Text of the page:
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Alternative app marketplaces won't work outside of the EU

Apple is locking alternative app marketplaces to the EU

A combination of on-device geolocation checks and Apple ID restrictions stop alternative app marketplaces from working outside of the EU — even preventing app updates.

Apple was forced to comply with the European Union's Digital Markets Act by allowing alternative app marketplaces to install apps from outside the App Store. However, Apple treats this as a potential security threat and has locked down the system to a great extent some have called malicious compliance.

A support document first discovered by 9to5Mac explains how the company is handling policing alternative marketplace availability. The feature is only available in the EU and Apple has ensured that it won't work elsewhere.

There are two systems in place that will keep alternative app stores in the EU. The Apple ID must be set to a country in the EU and the user must be physically located in the EU.

Restricting alternative app marketplaces based on Apple ID region prevents users from casually traveling to the EU and installing one. It doesn't take much effort to work around this, but it is enough to stop most average iPhone users from doing it on a whim.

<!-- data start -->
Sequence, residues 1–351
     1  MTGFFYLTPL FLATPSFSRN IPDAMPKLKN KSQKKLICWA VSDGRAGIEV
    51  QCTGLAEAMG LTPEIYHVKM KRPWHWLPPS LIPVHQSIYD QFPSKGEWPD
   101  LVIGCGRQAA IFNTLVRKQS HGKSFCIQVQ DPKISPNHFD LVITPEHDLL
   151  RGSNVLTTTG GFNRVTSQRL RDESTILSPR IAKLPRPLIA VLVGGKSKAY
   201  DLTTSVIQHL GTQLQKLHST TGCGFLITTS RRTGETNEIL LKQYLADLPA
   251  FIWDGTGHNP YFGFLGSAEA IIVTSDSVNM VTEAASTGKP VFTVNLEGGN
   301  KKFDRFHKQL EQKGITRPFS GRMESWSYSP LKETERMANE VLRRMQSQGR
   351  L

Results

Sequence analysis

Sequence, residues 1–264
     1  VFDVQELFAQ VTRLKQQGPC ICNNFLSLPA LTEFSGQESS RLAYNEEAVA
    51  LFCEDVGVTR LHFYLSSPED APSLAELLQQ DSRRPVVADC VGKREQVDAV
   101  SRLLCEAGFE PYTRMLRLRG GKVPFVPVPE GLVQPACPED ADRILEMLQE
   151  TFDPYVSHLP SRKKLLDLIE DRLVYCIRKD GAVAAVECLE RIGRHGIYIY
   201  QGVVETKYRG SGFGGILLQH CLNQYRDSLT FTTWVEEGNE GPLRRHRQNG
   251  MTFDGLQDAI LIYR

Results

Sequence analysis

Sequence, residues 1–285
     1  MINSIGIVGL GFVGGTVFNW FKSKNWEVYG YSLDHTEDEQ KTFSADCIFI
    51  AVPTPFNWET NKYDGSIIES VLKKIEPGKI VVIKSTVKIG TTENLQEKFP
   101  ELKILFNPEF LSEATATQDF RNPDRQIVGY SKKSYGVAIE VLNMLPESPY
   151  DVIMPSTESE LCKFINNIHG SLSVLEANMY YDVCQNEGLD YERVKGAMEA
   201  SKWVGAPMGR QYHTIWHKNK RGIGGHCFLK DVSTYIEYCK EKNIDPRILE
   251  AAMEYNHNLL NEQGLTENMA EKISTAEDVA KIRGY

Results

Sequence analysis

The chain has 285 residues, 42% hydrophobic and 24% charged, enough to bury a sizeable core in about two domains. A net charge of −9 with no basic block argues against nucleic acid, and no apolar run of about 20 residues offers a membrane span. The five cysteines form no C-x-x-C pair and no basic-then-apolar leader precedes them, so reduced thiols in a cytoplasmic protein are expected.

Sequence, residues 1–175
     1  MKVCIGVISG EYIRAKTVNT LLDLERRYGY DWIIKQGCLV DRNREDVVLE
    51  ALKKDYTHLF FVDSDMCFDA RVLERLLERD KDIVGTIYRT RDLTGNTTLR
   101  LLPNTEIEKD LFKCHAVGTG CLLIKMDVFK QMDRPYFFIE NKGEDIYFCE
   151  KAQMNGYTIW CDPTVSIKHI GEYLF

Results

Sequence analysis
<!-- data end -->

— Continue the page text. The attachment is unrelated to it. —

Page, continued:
Apple also uses an on-device location check that can't be circumvented by VPNs. The user's location isn't sent to Apple, but an indicator of eligibility is.

That means curious users can't create an Apple ID, set it to Germany, and disguise their location using a VPN to install alternative marketplaces.

Traveling to the EU won't work either, at least for long. There is a short-term travel allowance if EU users go outside of the geolocation boundary, but it isn't forever.

After a grace period some features will stop working, like installing alternative app marketplaces. Apps that have already been installed will still work, but won't be able to get updates.

Apple released iOS 17.4 earlier on Tuesday with the changes and APIs to support developers creating alternative app marketplaces in the EU. The features surrounding alternative app marketplaces are unlikely to be released anywhere else without regulation pressure.